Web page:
Unlike satellite radio, whose revenue primarily comes from subscription fees from its audience, land-based radio’s revenues are based entirely on advertising. In 2006 and 2007, sales of advertising time on its radio broadcasts to local and regional spot advertisers accounted for approximately 88% of Cumulus’ net revenue, and 89% in 2005. Cumulus’ ads come from mostly from automobile dealers, home furnishings, banking and mortgage, telecommunications, food and beverage services, general merchandise retail, amusement and recreation, arts and entertainment, and healthcare services. Cumulus’ advertising revenue accounts for a higher proportion of its total revenue compared to the industry average of 80% of total revenue.
The remaining proportion of Cumulus’ revenue comes from the sale of advertising time to national advertisers, and its other services such as providing sales and marketing services for a management and consulting fee to one radio station, and running a new online job search and career service site, Cumulus Jobs. Cumulus generates no revenue from radio subscriptions.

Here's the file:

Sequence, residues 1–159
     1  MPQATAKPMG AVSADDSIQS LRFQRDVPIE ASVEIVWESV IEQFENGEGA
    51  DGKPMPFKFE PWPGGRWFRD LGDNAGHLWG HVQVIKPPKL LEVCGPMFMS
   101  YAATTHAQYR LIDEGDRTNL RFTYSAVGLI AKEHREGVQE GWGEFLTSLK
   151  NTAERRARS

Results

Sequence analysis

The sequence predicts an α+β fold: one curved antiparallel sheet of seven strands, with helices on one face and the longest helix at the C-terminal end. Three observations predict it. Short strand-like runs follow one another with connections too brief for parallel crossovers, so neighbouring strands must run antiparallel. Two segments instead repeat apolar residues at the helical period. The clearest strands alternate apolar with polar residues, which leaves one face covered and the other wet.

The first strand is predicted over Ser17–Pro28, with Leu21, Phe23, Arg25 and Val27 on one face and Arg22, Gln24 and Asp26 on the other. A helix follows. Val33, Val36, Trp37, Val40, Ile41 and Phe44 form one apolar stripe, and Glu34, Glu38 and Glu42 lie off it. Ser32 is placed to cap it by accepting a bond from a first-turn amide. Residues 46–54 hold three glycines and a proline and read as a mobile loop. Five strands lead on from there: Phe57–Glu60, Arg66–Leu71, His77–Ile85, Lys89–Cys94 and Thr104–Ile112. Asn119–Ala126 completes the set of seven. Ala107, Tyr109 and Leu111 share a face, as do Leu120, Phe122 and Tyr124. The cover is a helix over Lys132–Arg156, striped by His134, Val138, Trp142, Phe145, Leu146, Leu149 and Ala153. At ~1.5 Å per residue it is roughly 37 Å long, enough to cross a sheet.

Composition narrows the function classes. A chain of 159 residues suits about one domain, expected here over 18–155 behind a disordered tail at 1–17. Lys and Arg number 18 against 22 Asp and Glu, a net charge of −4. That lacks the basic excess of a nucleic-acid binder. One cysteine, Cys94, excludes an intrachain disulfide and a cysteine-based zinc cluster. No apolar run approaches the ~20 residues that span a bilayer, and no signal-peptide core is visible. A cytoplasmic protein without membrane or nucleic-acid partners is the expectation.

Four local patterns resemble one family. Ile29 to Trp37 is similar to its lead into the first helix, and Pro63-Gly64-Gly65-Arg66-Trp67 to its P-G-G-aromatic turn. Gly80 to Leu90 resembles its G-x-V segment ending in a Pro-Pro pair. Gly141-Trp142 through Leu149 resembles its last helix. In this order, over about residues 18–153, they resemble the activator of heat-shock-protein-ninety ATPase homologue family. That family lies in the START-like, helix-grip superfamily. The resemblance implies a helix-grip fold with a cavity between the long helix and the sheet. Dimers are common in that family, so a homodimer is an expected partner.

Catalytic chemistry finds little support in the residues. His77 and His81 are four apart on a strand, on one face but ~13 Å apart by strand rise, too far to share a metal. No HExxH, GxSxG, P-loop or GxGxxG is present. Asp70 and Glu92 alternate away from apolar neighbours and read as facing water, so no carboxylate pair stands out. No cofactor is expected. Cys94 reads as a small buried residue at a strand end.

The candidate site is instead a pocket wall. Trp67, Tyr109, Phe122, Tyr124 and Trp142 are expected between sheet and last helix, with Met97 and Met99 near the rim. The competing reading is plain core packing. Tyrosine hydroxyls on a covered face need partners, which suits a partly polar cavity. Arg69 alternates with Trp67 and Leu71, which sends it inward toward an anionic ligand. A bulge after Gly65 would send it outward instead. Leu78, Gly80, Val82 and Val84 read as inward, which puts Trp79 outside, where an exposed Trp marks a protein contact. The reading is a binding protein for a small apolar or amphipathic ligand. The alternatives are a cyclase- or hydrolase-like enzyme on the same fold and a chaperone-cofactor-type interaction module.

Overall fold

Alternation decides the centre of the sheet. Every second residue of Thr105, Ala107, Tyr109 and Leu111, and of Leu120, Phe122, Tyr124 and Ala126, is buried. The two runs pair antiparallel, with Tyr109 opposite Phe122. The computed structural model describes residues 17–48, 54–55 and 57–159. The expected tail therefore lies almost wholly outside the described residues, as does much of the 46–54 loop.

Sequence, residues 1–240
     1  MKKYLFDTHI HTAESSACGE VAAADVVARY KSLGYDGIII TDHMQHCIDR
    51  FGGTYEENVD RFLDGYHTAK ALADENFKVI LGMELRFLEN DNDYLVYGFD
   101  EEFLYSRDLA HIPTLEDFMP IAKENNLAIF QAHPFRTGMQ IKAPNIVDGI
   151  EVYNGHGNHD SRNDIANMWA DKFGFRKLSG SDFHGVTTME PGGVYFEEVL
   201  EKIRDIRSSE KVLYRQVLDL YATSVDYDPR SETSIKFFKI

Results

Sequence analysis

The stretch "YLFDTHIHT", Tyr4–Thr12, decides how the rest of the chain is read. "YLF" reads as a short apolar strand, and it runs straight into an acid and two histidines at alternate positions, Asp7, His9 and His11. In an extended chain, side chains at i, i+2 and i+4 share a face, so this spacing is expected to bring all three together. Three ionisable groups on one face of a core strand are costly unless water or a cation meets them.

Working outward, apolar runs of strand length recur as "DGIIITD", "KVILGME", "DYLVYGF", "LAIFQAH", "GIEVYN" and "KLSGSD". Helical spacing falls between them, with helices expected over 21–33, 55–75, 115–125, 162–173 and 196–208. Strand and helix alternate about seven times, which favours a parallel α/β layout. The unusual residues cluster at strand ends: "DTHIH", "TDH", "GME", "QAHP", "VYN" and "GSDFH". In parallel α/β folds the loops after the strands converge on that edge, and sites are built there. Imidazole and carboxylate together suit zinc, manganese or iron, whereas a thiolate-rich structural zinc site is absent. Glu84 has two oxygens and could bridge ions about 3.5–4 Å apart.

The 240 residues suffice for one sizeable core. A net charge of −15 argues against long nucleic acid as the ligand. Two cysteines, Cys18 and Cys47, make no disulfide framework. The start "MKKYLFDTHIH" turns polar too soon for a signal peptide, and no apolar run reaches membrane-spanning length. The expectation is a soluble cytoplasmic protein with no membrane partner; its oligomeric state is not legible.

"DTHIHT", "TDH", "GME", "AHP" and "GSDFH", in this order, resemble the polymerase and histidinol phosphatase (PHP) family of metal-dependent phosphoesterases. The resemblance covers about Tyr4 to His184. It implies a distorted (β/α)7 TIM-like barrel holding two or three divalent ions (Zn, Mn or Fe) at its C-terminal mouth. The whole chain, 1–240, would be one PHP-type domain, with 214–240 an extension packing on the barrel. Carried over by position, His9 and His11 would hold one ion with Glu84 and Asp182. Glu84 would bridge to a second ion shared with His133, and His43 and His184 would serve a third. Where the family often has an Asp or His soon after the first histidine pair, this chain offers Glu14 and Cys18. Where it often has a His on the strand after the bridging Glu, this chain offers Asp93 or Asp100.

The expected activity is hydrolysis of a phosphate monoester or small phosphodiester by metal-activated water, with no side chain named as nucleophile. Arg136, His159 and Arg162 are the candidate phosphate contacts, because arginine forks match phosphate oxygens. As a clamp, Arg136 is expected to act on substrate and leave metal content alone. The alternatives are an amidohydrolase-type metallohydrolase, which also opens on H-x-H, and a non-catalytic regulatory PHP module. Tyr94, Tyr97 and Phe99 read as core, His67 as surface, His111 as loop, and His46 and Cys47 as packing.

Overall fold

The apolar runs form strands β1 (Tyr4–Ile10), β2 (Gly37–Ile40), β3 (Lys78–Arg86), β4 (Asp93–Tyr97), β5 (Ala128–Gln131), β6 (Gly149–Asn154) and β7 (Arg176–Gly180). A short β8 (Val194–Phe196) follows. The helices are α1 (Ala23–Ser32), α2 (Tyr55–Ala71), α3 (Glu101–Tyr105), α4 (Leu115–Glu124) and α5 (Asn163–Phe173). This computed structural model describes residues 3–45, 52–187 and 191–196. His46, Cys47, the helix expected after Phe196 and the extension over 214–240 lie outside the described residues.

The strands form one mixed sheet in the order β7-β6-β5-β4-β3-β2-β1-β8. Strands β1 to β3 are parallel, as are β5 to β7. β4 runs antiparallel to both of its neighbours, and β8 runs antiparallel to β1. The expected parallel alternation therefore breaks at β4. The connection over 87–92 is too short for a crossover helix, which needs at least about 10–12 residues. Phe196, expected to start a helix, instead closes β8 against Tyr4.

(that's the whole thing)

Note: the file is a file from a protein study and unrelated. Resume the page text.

Cumulus carries a large debt as a result of its acquisitions and level of expenditure in face of stagnated growth in revenues. As of December 2007, Cumulus had accumulated a total long term debt of $722 million. It carried a debt-to-equity ratio of 606% and debt-to-assets ratio of 68%, a deficit of $224 million against a total shareholders’ equity of $119 million. As interest must be paid on most of Cumulus’ debt, Cumulus has a high and increasing interest expense on top of its principal repayment obligations. About 18% of net revenue went to interest expenses in 2007, an increase from around 7% in 2005 and 13% in 2006. Cumulus spends a higher proportion of its income on interest expenses compared to four of its main broadcasting competitors (Clear Channel Communications, Citadel Broadcasting, Entercom Communications, EMMIS Communications), whose interest expenses ranged from 7% to 14% in 2007. As of December 2007, Cumulus also had the highest debt-to-equity ratio amongst four of its direct competitors. With the falling interest rate due to economic conditions, Cumulus’s debts should have been exposed to a lower interest rates in 2008. However, Cumulus does not fully benefit from the falling interest rate, as about 40% of its debt has been hedged against interest rate movement.